Even with Meredith, depth is still an issue and Bell gives the Jaguars a good body to worth with in training camp.
181. Miami: DE, Will Johnson, Michigan
With the loss of Vonnie Holliday, Philip Merling becomes the starter and depth is needed on the defensive line.
182. Green Bay: RB, Ian Johnson, Boise State
Johnson’s production dropped off from last year, but he is still good enough to try to earn a roster spot on most NFL rosters.
183. Buffalo: FB, Quinn Johnson, LSU
Three Johnson’s go in a row here as the Bills pick up a much needed fullback in Quinn Johnson.
184. San Francsico: CB, Jason McCourty, Utah
Depth is still an issue as the 49er’s nab their second cornerback of the draft in McCourty.
185. Denver: TE, Bear Pascoe, Fresno State
With so many needs filled in this draft, the Broncos go for the best player available and that is Pascoe.
186. Washington: LB, Anthony Felder, California
After the Redskins cut Marcus Washington, there is now a void at strongside linebacker that needs to be addressed.
187. Green Bay: CB, Domonique Johnson, Jackson State
Johnson wasn’t outstanding in off-season drills but he has a nose for the football and plays great on-the-field football.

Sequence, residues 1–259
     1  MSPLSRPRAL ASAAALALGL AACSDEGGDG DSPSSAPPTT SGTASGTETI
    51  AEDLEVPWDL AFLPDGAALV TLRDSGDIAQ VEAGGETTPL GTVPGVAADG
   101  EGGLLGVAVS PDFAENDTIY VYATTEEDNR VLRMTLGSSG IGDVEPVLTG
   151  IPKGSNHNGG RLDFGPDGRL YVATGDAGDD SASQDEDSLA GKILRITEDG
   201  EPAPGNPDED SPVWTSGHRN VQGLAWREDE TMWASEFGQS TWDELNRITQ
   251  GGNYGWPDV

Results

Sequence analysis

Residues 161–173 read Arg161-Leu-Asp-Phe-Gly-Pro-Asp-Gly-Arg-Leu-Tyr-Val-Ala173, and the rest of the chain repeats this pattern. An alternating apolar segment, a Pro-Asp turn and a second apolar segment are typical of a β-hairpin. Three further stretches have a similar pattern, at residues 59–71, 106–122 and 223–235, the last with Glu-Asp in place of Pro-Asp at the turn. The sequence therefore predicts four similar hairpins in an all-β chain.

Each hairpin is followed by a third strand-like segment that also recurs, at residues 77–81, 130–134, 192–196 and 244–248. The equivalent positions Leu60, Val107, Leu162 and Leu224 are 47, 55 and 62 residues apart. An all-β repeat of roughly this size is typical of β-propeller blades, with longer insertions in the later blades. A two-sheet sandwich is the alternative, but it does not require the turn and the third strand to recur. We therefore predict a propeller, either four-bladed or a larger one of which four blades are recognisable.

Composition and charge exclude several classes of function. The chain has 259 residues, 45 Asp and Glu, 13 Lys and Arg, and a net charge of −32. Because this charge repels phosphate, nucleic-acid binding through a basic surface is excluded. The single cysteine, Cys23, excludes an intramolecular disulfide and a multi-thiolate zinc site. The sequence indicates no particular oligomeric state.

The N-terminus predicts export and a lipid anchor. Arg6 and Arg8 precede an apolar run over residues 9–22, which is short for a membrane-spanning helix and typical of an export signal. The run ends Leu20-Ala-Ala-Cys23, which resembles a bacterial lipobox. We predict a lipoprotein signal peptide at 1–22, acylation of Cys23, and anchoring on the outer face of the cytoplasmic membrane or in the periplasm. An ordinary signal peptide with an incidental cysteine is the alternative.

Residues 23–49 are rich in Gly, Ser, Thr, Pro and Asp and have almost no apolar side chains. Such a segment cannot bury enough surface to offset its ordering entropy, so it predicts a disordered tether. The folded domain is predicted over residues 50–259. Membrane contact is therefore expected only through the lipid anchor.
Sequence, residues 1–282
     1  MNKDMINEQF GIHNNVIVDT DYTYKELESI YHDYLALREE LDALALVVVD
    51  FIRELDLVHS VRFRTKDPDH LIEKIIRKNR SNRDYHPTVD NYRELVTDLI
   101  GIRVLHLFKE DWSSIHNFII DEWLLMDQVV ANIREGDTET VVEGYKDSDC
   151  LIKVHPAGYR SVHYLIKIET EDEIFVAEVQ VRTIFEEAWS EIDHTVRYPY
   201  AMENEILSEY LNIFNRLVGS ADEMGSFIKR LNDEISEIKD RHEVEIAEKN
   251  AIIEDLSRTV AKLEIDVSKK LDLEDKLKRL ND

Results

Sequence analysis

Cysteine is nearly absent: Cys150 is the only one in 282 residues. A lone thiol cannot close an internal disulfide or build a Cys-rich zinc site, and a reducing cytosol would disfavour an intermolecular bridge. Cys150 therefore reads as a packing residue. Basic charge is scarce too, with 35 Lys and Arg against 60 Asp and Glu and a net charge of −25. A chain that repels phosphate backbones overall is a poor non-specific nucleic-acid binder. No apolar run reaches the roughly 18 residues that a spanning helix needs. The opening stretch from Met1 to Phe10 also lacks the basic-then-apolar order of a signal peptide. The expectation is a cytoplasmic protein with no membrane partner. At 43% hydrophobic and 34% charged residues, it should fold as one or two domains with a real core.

188. Houston: RB, Jeremiah Johnson, Oregon
Steve Slaton is proving to be an every down back, but after him Houston has little to show for their running backs.
189. San Diego: LB, Jasper Brinkley, South Carolina
Brinkley is great value here and will join the rotation of solid linebackers in San Diego.
190. Tampa Bay: QB, Mike Reilly, Central Washington
Reilly has great size at 6’3″ and will join a long list of Bucs quarterbacks trying to vie for the starting gig.
191. Chicago: OL, Cecil Newman, Tennessee St.
Orlando Pace is getting up there in years and a replacement will ultimately be needed, something the Bears do not have currently.
192. Detroit: DT, Myron Pryor, Kentucky
Detroit signed Grady Jackson this off-season but work is still needed to be done on the defensive line.